The VFD shield power supply circuit consists of a voltage tripler built around a 555 timer IC. Together with C1 and R5 the 555 forms an astable multivibrator with a 50% duty cycle output.
As the output of the 555 is not capable of delivering enough current, a driver stage around R1, C4, T26 and T27 is added. The circuit consisting of T26 and T27 is also called a push pull driver.
The push pull driver powers a voltage tripler circuit around D2-D5 and C5-C8. The output voltage of this circuit is somewhat less than three times the input voltage. With a 12V input voltage, an output voltage of 32-34 is achievable which is high enough to drive the VFD tubes. A disadvantage of this rather "low" voltage is that when multiplexing the VFD tubes, a very high VFD brightness is not achievable but the overall performance of the circuit is quite acceptable. In order to get higher voltages a switch mode booster circuit would be more appropriate but we decided not to do this as we wanted to keep the design as simple as possible using only standard parts.
A disadvantage of a classic 555 circuit with a push pull stage is that the output voltage of the 555 on pin 3 gets not high enough to drive the NPN transistor (T26, a BC639 in this case) into saturation. As a result, the efficiency of the circuit drops and the NPN transistor may become hot under heavy load conditions. To avoid this, the 555 in our circuit is powered by a supply voltage somewhat higher than the voltage on the push pull driver. When the circuit is powered, the 555 gets power via D2, D3 and R4. As the 555 starts oscillating, a voltage is build up on the electrolytic capacitors of the voltage tripler stage, with C6 as first stage of the tripler charging to around twice the supply voltage. As a result the 555 is powered via R4 with around 22V. Due to the voltage drop across R4, the final working voltage for the 555 is around 14 to 15V. As such it is very important to use a CMOS variant of the 555 as a regular 555 draws more current which may require R4 to be adjusted downwards in value.
The filaments of the VFD tubes are connected in series and an AC voltage is generated by connecting the filaments between the emitters of the push pull driver and C2 and C3. C2 and C3 limit the current through the filament wires with their impedance. The value of C2 and C3 is somewhat critical as the filaments should only glow faintly, nearly invisible under normal light conditions. If the filament current is too high, tube life may be reduced. On the other hand, when the current is too low, VFD brightness is affected negatively.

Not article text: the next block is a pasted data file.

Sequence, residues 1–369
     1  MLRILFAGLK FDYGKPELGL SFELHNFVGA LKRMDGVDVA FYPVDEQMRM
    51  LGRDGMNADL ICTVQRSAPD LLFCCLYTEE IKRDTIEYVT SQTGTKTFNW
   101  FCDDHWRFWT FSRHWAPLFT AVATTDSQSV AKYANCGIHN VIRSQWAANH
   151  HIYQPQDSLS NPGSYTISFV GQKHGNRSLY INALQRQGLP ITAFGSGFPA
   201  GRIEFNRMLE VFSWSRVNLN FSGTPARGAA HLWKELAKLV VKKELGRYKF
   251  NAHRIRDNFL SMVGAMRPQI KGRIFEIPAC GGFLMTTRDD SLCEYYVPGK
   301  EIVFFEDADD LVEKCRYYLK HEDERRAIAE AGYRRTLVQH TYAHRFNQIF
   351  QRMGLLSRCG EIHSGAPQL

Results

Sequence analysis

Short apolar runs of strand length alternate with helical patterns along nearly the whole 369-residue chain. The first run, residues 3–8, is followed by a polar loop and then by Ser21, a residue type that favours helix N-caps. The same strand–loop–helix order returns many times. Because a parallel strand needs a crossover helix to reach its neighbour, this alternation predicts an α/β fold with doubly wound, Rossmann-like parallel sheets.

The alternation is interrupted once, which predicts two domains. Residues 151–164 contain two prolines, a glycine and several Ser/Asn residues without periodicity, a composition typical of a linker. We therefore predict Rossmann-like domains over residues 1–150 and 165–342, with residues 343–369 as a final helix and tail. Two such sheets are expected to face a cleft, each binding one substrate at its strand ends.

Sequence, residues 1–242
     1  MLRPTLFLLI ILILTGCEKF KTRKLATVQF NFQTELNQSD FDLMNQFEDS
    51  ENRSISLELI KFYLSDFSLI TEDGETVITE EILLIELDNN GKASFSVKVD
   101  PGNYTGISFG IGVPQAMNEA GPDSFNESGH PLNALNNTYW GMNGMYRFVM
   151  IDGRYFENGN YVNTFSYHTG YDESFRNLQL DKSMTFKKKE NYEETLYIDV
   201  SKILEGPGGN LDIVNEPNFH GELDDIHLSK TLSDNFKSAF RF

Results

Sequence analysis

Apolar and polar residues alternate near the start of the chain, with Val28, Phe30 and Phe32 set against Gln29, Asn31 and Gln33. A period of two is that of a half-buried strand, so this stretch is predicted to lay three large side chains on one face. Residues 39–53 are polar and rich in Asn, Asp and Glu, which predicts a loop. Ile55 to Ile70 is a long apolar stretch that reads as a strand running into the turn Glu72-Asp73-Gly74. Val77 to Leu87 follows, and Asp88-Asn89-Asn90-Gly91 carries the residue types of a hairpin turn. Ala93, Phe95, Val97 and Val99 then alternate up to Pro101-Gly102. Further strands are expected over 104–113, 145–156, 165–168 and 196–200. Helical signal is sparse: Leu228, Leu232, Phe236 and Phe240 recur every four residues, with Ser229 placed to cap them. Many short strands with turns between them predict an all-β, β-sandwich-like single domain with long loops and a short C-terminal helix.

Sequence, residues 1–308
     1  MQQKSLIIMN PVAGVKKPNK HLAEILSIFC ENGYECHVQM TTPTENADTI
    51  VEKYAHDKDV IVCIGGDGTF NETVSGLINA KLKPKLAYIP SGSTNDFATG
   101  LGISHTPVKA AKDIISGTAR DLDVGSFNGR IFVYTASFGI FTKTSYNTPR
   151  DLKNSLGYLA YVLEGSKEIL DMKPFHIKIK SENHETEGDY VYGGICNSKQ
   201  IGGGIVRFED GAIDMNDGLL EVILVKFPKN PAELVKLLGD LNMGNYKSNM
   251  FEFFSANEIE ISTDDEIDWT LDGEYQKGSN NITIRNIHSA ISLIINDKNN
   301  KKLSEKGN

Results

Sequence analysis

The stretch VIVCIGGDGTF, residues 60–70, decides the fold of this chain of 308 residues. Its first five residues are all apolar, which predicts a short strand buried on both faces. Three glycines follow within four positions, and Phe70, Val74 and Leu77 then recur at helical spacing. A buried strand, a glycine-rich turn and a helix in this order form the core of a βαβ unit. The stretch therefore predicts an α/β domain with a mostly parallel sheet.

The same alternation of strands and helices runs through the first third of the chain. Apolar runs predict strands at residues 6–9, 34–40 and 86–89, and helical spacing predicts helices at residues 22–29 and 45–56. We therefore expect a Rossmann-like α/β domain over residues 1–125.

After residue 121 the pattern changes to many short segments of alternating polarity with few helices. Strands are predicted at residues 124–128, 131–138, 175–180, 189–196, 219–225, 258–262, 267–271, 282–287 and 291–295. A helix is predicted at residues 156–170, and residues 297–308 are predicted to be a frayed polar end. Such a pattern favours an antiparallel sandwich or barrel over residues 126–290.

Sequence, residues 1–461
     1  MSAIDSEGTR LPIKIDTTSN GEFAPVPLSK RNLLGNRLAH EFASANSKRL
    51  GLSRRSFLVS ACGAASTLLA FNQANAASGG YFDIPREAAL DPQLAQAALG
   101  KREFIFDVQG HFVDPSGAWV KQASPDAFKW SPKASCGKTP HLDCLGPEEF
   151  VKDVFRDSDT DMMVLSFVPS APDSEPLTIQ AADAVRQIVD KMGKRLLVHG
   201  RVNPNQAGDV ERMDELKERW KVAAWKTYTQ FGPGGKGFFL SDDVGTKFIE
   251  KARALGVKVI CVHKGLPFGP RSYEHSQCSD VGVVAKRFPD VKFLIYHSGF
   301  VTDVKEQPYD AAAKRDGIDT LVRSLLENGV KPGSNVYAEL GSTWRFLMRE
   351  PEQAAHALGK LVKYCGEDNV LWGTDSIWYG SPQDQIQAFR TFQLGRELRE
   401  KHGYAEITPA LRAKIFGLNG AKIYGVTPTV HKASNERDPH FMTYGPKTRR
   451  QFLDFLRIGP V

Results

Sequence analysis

Finally, D1, a standard rectifier diode lifts the entire power supply around 0.7 V above ground level. When the segment and grid drivers (see below) pull down the voltage to ground level, the voltage on that segment/grid will be slightly negative in respect to the filament. As such a very faint glow of the segments (especially in the vicinity of the filament wire) when they are turned off is avoided.
The tube segment and grid drivers consist of a NPN/PNP transistor pair including the necessary resistors. When a logic level 1 (5V) from the Arduino is applied at the input, the corresponding VFD tube segment/grid is pulled up to 32-34 V, otherwise the segments/grids are tied to ground by the 100K resistors.
We could have used high side (source) drivers here like the Allegro A2982 or a Supertex VFD driver with shift register input. Many of these are unfortunately not easily available, expensive or come in SMD packages only. As this circuit is intended for educational purposes, we decided not to use them. The disadvantage is that quite some soldering work will be necessary to mount all the transistors and resistors.
The tubes are connected with all 7 segments and the decimal dot indicator wired in parallel. The filaments are connected in series as mentioned earlier.
To control the display, you turn first the segments for the first tube on. Then the grid of the first tube is turned on and the segments start to glow. Then the grid of the first tube is turned off again after some time and the segment pattern for the second tube is turned on. Then the grid of the second tube is turned on for some time and turned off again. This process is repeated for tube 3 and tube 4 after which the whole cycle is repeated. Due to the persistence of vision of the human eye, we see a complete display of 4 digits.